Thoughts on "cool"

Wilson Gray hwgray at GMAIL.COM
Sun Feb 10 23:58:15 UTC 2008

Ben, your analysis of the usage cited here strikes me as a real
stretch. I don't even understand what your motivation is for

It seems to me that the last line takes "cool" right back to style and
away from comfort. _A porter with (not necessarily literally) a ring
stuck through his nose_ would be so cool that he wouldn't be
recognized as a porter.

There's a version of Clarence Carter's 'Fifties R&B song, "I Ain't Got
You" that has the verse:

"_I got a closet full of clothes_
"And everywhere I goes
"_I keeps a ring in my nose_"

An again no-doubt-figurative ring in one's nose as a sign of being
well-dressed fifty years after your cite indicating the same thing?
Mere coincidence? I don't know. There are about 150 or more *recorded*
versions of this song. Carter's was the first recording to go national
and he claims authorship. Did he pull the bit about the nose ring out
of his ass or was it something traditional floating in the air in
black Alabama where he was born that he merely incorporated into his
song? Again, I don't know.

But, as Fernando noted:

"It's better to look good than to feel good."


On 2/9/08, Benjamin Zimmer <bgzimmer at> wrote:
> ---------------------- Information from the mail header -----------------------
> Sender:       American Dialect Society <ADS-L at LISTSERV.UGA.EDU>
> Poster:       Benjamin Zimmer <bgzimmer at BABEL.LING.UPENN.EDU>
> Subject:      Thoughts on "cool"
> -------------------------------------------------------------------------------
> The OED entry for "cool" was revised in 2006 to incorporate earlier
> citations for sense 4d, "As a general term of approval: admirable,
> excellent; esp. sophisticated, stylish, 'classy'":
> I'm wondering how well the early cites fit in with the familar
> post-WWII sense of "cool". Here's the first one:
> -----
> 1884 J. A. HARRISON Negro Eng. in _Anglia_ 7 257 Interjections... Dat's cool!
> -----
> The article "Negro English" lists "Dat's cool!" among a wide variety
> of interjections, not all approbative. Here's what's visible in the
> Google Books snippet view:
> -----
> "Lor'! A mighty likely tale! Do please don't! Jes' lissen at him! W'y,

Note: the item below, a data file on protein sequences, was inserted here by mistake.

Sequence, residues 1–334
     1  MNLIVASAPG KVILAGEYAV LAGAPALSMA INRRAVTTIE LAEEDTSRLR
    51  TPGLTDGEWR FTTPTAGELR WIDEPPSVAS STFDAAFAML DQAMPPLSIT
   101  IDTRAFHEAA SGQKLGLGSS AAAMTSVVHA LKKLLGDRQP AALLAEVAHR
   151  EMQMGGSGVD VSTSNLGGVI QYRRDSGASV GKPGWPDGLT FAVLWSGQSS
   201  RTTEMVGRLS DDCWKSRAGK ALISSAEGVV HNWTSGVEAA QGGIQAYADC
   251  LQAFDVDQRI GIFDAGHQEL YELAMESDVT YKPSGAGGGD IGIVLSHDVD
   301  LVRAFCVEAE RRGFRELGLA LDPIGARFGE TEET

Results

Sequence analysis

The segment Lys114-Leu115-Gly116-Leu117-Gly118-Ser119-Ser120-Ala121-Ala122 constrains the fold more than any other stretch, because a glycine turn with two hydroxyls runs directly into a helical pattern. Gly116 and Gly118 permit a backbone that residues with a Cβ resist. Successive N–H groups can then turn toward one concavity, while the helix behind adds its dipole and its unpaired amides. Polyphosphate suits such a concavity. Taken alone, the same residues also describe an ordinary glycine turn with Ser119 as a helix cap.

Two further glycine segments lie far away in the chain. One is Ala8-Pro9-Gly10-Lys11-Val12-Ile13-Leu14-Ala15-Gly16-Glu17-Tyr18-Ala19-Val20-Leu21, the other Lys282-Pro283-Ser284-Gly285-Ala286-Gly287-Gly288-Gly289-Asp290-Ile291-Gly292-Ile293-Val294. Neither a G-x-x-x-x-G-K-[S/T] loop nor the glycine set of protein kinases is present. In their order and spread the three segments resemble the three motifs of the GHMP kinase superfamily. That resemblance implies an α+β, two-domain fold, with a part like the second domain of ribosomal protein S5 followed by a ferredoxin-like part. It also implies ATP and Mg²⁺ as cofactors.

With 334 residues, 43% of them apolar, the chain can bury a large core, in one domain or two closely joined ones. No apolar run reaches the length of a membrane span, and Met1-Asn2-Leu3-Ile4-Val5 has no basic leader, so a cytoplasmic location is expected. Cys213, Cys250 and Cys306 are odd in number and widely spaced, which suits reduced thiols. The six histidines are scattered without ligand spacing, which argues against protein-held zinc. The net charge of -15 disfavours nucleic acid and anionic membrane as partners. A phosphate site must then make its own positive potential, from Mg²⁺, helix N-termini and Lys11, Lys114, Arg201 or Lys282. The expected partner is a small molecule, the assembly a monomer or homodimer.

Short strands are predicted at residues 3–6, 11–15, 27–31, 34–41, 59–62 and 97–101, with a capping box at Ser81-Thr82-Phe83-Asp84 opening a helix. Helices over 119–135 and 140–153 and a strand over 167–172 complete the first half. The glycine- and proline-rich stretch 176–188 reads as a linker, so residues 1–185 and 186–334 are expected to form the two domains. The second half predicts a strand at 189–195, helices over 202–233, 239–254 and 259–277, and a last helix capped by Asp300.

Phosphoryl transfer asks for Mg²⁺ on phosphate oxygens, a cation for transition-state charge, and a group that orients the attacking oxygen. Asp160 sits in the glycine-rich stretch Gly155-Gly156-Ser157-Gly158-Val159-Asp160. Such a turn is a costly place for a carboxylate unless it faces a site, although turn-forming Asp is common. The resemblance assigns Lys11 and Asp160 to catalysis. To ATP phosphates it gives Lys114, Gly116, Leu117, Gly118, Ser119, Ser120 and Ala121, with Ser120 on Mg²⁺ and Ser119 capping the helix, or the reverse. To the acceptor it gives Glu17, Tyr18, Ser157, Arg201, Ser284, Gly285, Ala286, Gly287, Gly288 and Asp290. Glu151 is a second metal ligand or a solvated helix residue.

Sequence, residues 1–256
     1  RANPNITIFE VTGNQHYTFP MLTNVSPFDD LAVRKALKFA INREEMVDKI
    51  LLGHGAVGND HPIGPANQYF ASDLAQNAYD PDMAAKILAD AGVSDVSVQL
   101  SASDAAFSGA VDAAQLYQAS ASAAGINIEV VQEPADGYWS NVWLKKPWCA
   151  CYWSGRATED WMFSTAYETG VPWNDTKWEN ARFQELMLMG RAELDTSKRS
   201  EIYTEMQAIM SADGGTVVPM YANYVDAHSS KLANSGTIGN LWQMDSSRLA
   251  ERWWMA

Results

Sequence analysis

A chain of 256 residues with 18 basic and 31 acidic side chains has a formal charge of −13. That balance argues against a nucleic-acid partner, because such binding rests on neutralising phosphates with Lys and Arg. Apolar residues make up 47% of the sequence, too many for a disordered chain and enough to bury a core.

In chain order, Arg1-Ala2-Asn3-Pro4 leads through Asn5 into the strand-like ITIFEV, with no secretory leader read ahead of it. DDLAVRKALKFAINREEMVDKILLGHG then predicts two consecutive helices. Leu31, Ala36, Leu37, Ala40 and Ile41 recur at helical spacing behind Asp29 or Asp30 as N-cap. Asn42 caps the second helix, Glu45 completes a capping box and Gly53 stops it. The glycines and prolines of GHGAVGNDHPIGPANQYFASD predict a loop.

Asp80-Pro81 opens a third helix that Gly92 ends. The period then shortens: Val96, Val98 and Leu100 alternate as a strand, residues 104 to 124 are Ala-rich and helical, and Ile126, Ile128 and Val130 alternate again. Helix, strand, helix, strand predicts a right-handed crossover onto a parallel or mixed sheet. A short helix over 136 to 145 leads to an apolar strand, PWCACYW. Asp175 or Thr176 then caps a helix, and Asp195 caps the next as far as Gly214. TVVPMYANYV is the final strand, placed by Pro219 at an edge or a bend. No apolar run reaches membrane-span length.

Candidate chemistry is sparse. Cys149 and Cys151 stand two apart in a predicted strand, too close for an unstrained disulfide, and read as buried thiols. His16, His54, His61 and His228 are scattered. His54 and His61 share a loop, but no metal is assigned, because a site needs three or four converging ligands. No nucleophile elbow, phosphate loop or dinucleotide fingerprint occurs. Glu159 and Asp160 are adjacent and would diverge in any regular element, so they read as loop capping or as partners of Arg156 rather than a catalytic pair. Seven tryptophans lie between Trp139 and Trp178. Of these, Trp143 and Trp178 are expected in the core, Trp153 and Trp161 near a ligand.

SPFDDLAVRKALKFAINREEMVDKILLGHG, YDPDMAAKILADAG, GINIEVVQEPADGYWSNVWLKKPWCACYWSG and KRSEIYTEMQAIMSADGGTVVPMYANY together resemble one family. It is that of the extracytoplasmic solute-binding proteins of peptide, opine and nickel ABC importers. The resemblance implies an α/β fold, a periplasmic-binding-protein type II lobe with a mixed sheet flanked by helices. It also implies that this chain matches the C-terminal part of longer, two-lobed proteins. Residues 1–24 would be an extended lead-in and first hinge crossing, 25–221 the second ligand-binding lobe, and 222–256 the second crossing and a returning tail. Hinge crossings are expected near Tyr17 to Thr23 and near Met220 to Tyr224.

> cose he did! Don't you bet! Comin', Lord Jesus! Blame my buttons! Oh
> my! Dat's cool! Ef dis don't! Dribe away! Gred Jerichoes! Big doin's!
> Plag'id imp! Jes' lemme tell yer! Heish! Ans'er me dis! Better min'
> w'at yo' bout! Min' yo' eye! Well, den, you better!"
> -----
> So I don't think there's anyway of knowing if "Dat's cool!" is an
> expression of general approval, or say, a comment on a person's
> assuredness or audacity (fitting OED's much earlier sense 6, as in
> "cool hand", "cool customer", etc.).
> Next cite is this one:
> -----
> 1902 E. P. MORAN & P. L. DUNBAR Evah Dahkey is King (song) in _N.Y.
> Amer. & Jrnl._ 26 Oct. (Music Suppl.), When we's crowned we don't wear
> satins, Kase de way we dress is cooler.
> -----
> Here is the entire verse, or at least one version of it:
> -----
> Evah dahkey has a lineage dat de white folks can't compete wid
> An' a title, such as duke or earl, why we wouldn't wipe our feet wid
> Fa a kingdom is our station, an' we's each a rightful ruler
> When we's crowned we don't wear satins, Kase de way we dress is cooler. Ho!
> But our power's jest as mighty, nevah judge kings by deir cloes
> You could nevah tell a porter wid a ring stuck through his nose.
> -----
> Again, given the context, I'm not sure this is a general term of
> approval. The verse says that the regal dress of "dahkeys" would be
> "cooler" than the satins worn by "white folks". Couldn't that just be
> a straightforward use of OED sense 1c, "Producing a sensation of
> coolness; not admitting or retaining heat; as 'a cool dress'"? And the
> next line ("But our power's jest as mighty, nevah judge kings by deir
> cloes") certainly goes against the idea that the "cooler" dress is
> more admirable or excellent.
> Next cite:
> -----
> 1933 Z. N. HURSTON in Story Aug. 63 And whut make it so cool, he got
> money 'cumulated. And womens give it all to 'im.
> -----
> I've already questioned whether Hurston's "whut make it so cool" (used
> in her writings from 1933 to 1943) has any continuity with the later
> sense of "cool":
> As with the 1884 cite above, I think Hurston's usage could just as
> easily fall under the older 'unabashed, audacious' sense. I'd be more
> convinced it fit the modern sense if there were any later examples
> following Hurst's pattern, with that unusual cleft construction. The
> best candidate I've found so far is unfortunately illegible in a
> couple of key places:
> -----
> 1938 _Atlanta Daily World_ 6 Dec. 3/ 4 The band's mistress of
> ceremonies, Joan Lunceford, is one of the "smoothest articles" in
> front of an orchestra you ever saw ... and such swing-singing! Many
> call her the equal of the famous Blanch Calloway. And what [illegible]
> cool is that she's as fe[illegible - feminine?] directing the band as
> she'd be in an evening gown -- which is something.
> -----
> I've been looking for examples of "cool" in Dan Burley's "Back Door
> Stuff" column of the late '30s (published in the _New York Amsterdam
> News_ and the _Chicago Defender_), and so far this is the most
> relevant cite I've come across:
> -----
> 1939 _New York Amsterdam News_ 13 May 20/1 Ever see a Joseph's coat?
> Well, it's multi-colored, but cool, Jack, cool! Ever see a Harlem cat
> in one? It's a sight, Jack, a screamin' sight!
> -----
> That's about clothing, but it sounds a lot more approbative than the
> 1902 song lyric. But it's notable that Burley, the jive expert, did
> not use "cool" as a general term of approval in his column at the
> time, which supports the idea that the word didn't become popular in
> jazz circles until used by Lester "Pres" Young in the early '40s.
> --Ben Zimmer
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